KDKA, Pittsburgh: This was the first successful radio station in the U.S. to start broadcasting on Nov 2, 1920. It began the radio era when KDKA, based in Pittsburgh, broadcast the news of President Harding’s election. This radio station also influenced the establishment of the Federal Radio Commission.

Federal Radio Commission, 1927: The FRC was created by Congress and extended the principle of governmental regulation of business activity to the new radio industry. This can be seen as an example of the progressive spirit that still survived in the legislative branch and its effect on society.

Women’s Christian Temperance Movement: Formed in 1874, the Women’s Christian Temperance movement grew in momentum during the progressive era. This occurred because the war with Germany fermented wider support for the movement. By 1917 it successfully established prohibition in 19 states.

Anti-Saloon League: Another organization formed during the progressive era, the Anti-Saloon league was spurred by the Women’s Christian Temperance Movement in 1893. Progressives encouraged the legal abolition of alcohol. The result of the efforts of the ASL was the 18th amendment passed in 1918.

National Women’s Party, Alice Paul: During the twenties, feminist Alice Paul’s National Women’s Party lobbied for an equal-rights amendment to the Constitution. Other feminists, radicals, and labor activists condemned Paul’s stance on this issue. Unfortunately, the proposed amendment never succeeded through the party.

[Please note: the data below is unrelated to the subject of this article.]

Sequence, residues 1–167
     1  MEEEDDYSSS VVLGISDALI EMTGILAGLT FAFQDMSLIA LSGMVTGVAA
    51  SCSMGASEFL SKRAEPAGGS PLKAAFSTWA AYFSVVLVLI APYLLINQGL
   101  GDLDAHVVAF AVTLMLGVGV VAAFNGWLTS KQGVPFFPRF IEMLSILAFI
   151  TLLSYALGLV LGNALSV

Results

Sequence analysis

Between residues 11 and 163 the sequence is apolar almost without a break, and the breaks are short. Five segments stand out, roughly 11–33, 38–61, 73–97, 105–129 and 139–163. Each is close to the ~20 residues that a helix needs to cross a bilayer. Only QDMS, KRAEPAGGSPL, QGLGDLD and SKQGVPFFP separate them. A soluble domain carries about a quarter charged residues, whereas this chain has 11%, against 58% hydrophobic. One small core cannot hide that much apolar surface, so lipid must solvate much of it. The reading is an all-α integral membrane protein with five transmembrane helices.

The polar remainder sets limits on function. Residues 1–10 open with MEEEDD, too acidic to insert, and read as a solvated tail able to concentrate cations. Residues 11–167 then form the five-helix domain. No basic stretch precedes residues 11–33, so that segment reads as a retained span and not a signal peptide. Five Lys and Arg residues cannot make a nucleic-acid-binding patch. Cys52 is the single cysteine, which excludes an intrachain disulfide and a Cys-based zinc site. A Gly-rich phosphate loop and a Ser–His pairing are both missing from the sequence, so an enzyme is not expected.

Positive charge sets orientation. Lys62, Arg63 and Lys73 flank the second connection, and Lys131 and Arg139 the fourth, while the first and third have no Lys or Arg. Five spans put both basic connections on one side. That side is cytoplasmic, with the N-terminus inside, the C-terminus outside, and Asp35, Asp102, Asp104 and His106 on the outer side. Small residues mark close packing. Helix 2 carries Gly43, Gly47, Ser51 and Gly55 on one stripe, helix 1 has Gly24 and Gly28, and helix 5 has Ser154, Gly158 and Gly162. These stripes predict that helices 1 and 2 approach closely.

Garvey, Marcus, Universal Negro Improvement Association: Garvey was a black nationalist leader who created the "Back to Africa" movement in the U.S. In 1907, he led a printers’ strike for higher wages at a printing company in Kingston. In 1914 he founded the UNIA and in 1916, he started a weekly newspaper called the Negro World.

Harlem Renaissance, Langston Hughes: Hughes was an American writer known for the use of jazz and black folk rhythms in his poetry. He used musical rhythms and the traditions of African American culture in his poetry. In the 1920s he was a prominent figure during the Harlem Renaissance and was the Poet Laureate of Harlem. The Harlem Renaissance refers to the black cultural development during the 1920s. However, the movement depended on the patronage of white people.